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Fix-and-Flip Forecast 

Benjamin Donel CEO/Founder – Sunset Equity  Group/Donel & Associates

As 2019 comes to a close and we’re preparing to ring in the New Year, all eyes are focused on how the fix-and-flip market will be at the start of the new decade. As many flippers know, the market has been a mixed bag this year. Recent data from ATTOM suggests that 2019 saw flippers receiving a gross profit of $64,900 on average. This figure is relatively good as it means that flipping still has the potential to make quite a bit of money. However, the return on investment is hovering around seven-year lows at 40.6%. Even though investors are making a decent amount on each flip, the property costs are so high that the margins aren’t the same as they used to be.

In 2020, expect some of these trends to continue. Here are 3 predictions for the 2020 flipping market.

Return On Investment Will Not Improve

Experts predict home price

s will keep rising in 2020, partly due to low mortgage rates. As property prices rise, regular buyers begin to drive up the costs of less expensive homes. A family that cannot afford a $250,000 home might see a $150,000 one that needs a bit of work and elect to put an offer on it instead. The competitiveness for this space drives up the capital cost for flippers.

If home prices keep rising, we will likely see the same trend we saw in 2019 continue into 2020. Absolute profit numbers will increase, but margins will decrease. It’ll cost $200,000 to make $70,000, for example, instead of $160,000 to make $65,000.


As Deals Become Harder To Find, Flipping Will Be More Concentrated

2019 saw flipping rates as a portion of all home sales decrease in 78% of markets. Reno, Salem, Clarksville, and Vallejo all had the most substantial declines. Perhaps unsurprisingly, many of these areas have seen rapid growth over the past 3-5 years. For example, in 2012, the average home cost in Reno was $175,000, and now it is $387,000.

In 2012, there were plenty of deals on the market that would be fast, easy, and cheap flips. Now, with the average home going for $387,000, these inexpensive investments are challenging to find. Many cities and towns have experienced an upswing like this over the past.

The cities where flippers are making the most money, like Scranton, have bucked the trend over the previous years. Investors can still score good deals. Expect that in 2020, the cities where flippers can make a healthy profit will become smaller, and thus the market will be much more competitive.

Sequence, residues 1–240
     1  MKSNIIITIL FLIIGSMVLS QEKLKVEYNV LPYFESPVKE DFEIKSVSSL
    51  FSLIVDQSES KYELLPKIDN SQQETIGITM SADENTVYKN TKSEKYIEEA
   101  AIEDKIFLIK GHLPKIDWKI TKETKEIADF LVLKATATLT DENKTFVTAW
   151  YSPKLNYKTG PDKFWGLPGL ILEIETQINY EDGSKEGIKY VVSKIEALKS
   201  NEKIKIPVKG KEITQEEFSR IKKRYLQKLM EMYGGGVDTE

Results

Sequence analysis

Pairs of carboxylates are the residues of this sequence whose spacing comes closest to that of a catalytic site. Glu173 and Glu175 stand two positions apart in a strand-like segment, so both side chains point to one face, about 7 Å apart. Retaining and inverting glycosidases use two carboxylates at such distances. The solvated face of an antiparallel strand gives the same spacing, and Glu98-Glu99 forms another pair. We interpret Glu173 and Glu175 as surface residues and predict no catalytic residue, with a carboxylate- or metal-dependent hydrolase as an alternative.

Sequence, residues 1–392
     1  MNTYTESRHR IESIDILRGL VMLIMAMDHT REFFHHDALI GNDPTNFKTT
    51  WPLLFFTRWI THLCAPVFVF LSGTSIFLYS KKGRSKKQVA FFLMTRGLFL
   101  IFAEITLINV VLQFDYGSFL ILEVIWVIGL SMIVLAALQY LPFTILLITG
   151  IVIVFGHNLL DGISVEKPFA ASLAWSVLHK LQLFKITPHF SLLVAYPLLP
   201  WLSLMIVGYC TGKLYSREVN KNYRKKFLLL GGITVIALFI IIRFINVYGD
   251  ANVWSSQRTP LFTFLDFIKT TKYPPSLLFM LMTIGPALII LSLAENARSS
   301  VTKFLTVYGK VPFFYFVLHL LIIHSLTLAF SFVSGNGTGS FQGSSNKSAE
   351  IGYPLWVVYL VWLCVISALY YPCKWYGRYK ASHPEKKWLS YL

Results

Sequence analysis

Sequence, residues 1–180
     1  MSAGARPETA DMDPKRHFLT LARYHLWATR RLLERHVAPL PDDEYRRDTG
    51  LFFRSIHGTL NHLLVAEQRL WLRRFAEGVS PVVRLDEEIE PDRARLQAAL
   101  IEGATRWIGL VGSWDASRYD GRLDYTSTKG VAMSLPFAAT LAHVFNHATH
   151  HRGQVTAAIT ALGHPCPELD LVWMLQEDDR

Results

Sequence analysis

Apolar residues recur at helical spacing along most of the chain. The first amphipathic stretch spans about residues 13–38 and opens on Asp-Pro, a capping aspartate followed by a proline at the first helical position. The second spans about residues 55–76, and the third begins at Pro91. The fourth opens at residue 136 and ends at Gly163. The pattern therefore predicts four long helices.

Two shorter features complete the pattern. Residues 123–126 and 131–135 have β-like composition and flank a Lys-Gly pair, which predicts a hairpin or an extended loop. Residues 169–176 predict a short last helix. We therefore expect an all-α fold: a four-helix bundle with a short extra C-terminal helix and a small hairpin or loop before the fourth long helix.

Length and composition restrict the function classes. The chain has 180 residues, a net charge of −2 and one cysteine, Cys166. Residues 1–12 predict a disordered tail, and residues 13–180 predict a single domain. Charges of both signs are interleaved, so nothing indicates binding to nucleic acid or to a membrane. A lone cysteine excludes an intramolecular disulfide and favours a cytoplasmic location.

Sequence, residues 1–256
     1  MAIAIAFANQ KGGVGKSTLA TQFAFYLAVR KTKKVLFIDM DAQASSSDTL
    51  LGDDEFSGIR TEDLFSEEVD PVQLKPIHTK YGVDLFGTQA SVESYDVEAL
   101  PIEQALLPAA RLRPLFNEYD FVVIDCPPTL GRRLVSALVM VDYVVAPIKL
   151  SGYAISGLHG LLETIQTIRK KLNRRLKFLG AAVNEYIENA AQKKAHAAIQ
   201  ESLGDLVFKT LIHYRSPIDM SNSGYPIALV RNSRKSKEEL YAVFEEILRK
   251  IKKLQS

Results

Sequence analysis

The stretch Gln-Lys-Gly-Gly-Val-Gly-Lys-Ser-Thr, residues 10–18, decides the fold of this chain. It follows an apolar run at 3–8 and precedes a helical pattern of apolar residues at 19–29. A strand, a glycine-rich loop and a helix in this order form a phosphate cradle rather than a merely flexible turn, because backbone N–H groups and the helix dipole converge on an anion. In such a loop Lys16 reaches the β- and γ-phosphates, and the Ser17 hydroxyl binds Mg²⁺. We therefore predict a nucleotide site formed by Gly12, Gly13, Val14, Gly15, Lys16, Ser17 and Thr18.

Flippers Will Continue To Sell To More FHA Buyers

In 2019, 14.5% of flipped homes wound up in the hands of FHA-backed buyers. This trend will likely continue in 2020 as home prices continue to climb, and more people rely on FHA financing to be able to secure a mortgage.

Investors would be wise to keep FHA eligibility in mind. Most flipped properties should be eligible for FHA financing. Still, if your property winds up being excluded (by eventually costing too much, for example), then you may wish to rethink your flip. With FHA financing so prevalent in certain cities, not having your property be eligible may be a significant problem. For example, Stockton, CA had 37.3% of flips going to FHA-backed buyers. A disqualified property might prove to be very costly.


Competition Will Increase, But Flipping Is Still Profitable

To summarize, 2020 will likely see competition increasing. The number of cities where flipping is profitable is shrinking. And with more people competing for the same homes, the result will be a lower overall ROI as a percentage of the original capital. Rising home prices are also resulting in more people turning to FHA financing and other assisted mortgage types. Flippers need to be aware of this and plan their projects accordingly.

None of this means that flipping isn’t profitable. The average time to flip nationwide is 177 days, and that figure has remained relatively constant from last year to this year. There’s no reason to believe that it will change. To gross $64,900 on average for less than half a year’s worth of work is an incredible rate of pay in most places.

There are deals to be had in the marketplace. Investors are buying and flipping homes every day for good money. Unlike the market a few years ago, however, these deals are becoming harder and harder to find. These deals are also in cities like Scranton, Pittsburgh, and Cleveland instead of “traditional” hotspots like Vegas or Phoenix. As a flipper, you may have to consider looking for deals in these other cities to achieve a more substantial return on investment.

Flipping homes certainly isn’t easy or risk-free, but it tends to be profitable. That hasn’t changed. Flippers will have to adjust a bit to make the same money in 2020!

Benjamin Donel, CEO

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